To put the unit to the test, I removed my existing cleaner, directed my return jets toward the pool floor, and blew off my pool deck (which I had allowed collecting debris by intent) directly into my pool. I also chose to time stamp my photos for an accurate point of reference. The photo to the right is of the solar-breeze NX2 at the starting point immediately following the introduction of debris. As the debris was blown from the pool deck itself and not collected from elsewhere, the debris shown is typical of a pool owner would experience in their Florida pool during the summer months. The cleaner quickly began to collect the floating debris.
“Solar-Breeze removes 90-95% of that debris from the surface before it sinks to the bottom.” – solar-breeze.com
After 2 1/2 hours, I can honestly say that there was minimal debris floating about the surface (15′ x 30′ swimming pool) and that the cleaner did catch a ? ton of flotsam and jetsam. Did it catch it all before it became saturated enough to sink to the pool floor? Absolutely not; however, the results are in line with the manufacturer’s claim (shown above) is that the unit “removes 90-95% of that debris from the surface”. See photo to Left with both accumulated debris and an indication of amounts sank to pool floor.
Does it work? It is the opinion of this pool professional that the solar-breeze NX2 is indeed a damned fine automatic skimmer, and the deficits noted above should be expected for a solar-powered surface cleaner (no other automatic pool cleaner present, return jets aimed towards pool floor (or pool pump off), and of course plenty of sunshine ). I found the debris basket easy to remove and empty with (in my opinion) a large capacity. Did it outperform the pools through the wall skimmer? Further testing would need to be conducted to make this determination. What about heavy leaf fall? We will have to wait until fall to see.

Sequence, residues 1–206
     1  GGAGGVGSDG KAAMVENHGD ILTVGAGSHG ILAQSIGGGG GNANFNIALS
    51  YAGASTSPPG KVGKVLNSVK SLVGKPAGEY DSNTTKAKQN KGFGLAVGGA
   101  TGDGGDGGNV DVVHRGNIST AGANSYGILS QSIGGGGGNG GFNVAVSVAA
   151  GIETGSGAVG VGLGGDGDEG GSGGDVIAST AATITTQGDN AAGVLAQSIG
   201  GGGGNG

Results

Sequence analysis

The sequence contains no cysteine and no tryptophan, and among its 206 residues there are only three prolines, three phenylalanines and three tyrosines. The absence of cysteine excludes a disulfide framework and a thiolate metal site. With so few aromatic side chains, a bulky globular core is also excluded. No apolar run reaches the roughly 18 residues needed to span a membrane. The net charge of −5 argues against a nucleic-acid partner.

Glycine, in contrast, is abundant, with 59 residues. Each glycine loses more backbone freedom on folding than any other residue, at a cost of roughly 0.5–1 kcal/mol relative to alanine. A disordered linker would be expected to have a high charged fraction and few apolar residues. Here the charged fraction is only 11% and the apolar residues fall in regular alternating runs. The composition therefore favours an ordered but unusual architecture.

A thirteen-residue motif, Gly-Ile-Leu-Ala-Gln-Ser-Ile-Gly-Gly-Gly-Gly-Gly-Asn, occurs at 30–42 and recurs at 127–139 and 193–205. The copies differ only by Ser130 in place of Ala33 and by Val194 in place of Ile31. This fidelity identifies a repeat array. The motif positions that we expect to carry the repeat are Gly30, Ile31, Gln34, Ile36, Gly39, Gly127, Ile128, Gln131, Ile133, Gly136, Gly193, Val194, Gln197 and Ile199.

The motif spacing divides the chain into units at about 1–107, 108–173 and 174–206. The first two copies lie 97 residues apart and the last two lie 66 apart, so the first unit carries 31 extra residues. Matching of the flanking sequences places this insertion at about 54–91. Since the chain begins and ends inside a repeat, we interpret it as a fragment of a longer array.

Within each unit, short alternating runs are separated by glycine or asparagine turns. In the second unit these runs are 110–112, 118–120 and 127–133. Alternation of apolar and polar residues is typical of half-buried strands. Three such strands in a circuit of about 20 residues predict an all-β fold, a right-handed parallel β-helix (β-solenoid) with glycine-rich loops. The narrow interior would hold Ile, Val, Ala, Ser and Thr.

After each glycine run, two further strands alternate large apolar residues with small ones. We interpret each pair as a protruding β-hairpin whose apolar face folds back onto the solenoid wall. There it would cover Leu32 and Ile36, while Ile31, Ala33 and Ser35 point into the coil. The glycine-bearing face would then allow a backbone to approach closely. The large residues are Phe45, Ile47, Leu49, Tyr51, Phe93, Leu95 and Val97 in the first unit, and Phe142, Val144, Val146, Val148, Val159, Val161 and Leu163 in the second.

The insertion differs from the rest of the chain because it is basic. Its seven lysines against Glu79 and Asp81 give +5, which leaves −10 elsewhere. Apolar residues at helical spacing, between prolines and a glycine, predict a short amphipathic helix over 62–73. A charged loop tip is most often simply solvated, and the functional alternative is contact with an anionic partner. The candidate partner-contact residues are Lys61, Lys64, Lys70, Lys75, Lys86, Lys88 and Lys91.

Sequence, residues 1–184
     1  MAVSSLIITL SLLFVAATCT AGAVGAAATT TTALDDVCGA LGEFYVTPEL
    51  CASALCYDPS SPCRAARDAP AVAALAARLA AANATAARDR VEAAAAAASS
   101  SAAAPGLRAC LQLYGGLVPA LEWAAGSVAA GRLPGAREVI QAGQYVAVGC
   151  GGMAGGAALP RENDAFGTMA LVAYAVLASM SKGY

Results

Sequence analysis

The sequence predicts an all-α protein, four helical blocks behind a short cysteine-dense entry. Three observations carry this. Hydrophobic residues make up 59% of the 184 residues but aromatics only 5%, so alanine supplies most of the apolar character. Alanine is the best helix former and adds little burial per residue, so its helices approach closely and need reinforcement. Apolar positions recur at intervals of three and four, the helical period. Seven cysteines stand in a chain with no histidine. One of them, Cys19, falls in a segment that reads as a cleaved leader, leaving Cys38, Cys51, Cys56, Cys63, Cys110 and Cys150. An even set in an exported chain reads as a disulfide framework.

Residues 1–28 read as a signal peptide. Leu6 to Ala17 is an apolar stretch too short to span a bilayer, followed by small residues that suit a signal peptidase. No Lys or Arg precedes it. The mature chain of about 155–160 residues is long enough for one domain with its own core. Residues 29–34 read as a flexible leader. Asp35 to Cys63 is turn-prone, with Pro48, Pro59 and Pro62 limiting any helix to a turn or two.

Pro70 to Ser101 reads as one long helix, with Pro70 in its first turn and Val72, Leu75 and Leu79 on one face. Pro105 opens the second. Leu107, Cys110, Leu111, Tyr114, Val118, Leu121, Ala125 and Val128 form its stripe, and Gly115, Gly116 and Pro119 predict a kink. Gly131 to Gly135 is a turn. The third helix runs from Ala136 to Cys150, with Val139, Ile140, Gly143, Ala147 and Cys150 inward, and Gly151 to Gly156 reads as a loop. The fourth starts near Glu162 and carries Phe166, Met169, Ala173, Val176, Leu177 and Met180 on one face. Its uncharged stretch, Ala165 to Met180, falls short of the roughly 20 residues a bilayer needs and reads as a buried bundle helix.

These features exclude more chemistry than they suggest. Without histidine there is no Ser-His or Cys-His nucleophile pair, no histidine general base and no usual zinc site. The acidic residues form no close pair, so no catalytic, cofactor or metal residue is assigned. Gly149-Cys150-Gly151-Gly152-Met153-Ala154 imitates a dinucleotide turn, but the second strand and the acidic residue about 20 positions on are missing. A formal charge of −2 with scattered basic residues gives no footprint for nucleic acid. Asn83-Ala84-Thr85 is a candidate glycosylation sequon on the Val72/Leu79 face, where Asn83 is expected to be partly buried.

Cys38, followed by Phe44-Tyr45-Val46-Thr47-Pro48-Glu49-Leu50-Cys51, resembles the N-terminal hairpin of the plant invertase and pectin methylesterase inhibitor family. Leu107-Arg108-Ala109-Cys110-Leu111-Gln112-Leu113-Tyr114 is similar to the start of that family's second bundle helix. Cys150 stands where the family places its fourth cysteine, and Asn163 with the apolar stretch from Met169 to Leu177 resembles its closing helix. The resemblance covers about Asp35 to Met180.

So there is a good quality automatic pool skimmer on the market, but did we need one? Is this a solution to a problem we do not have? Or, is there a market for a solar-powered “Roomba” for the pool. I cannot honestly say that this is something for everybody or something one could not live without. I think at the right price point, this machine may be a Godsend for the aboveground market. I can see where this may have its place in areas with consistent but light leaf debris. Pools with design errors may certainly benefit from the NX2. Do these things scare ducks and geese? ? That’s a part of the commercial market that solar-breeze may be able to quack.
Is it worth the $589 they are asking for? An item is only worth whatever someone is willing to pay for it, and they are actually kind of cool to watch. ? Where can you get one? Currently, you can find these solar-powered weapons of leaf destruction at the 2018 solar-breeze NX2
Can you reduce your filter run time down to 2 hours per day and fire your pool company?
That is Negative!
But we knew this claim was outrageous to start with…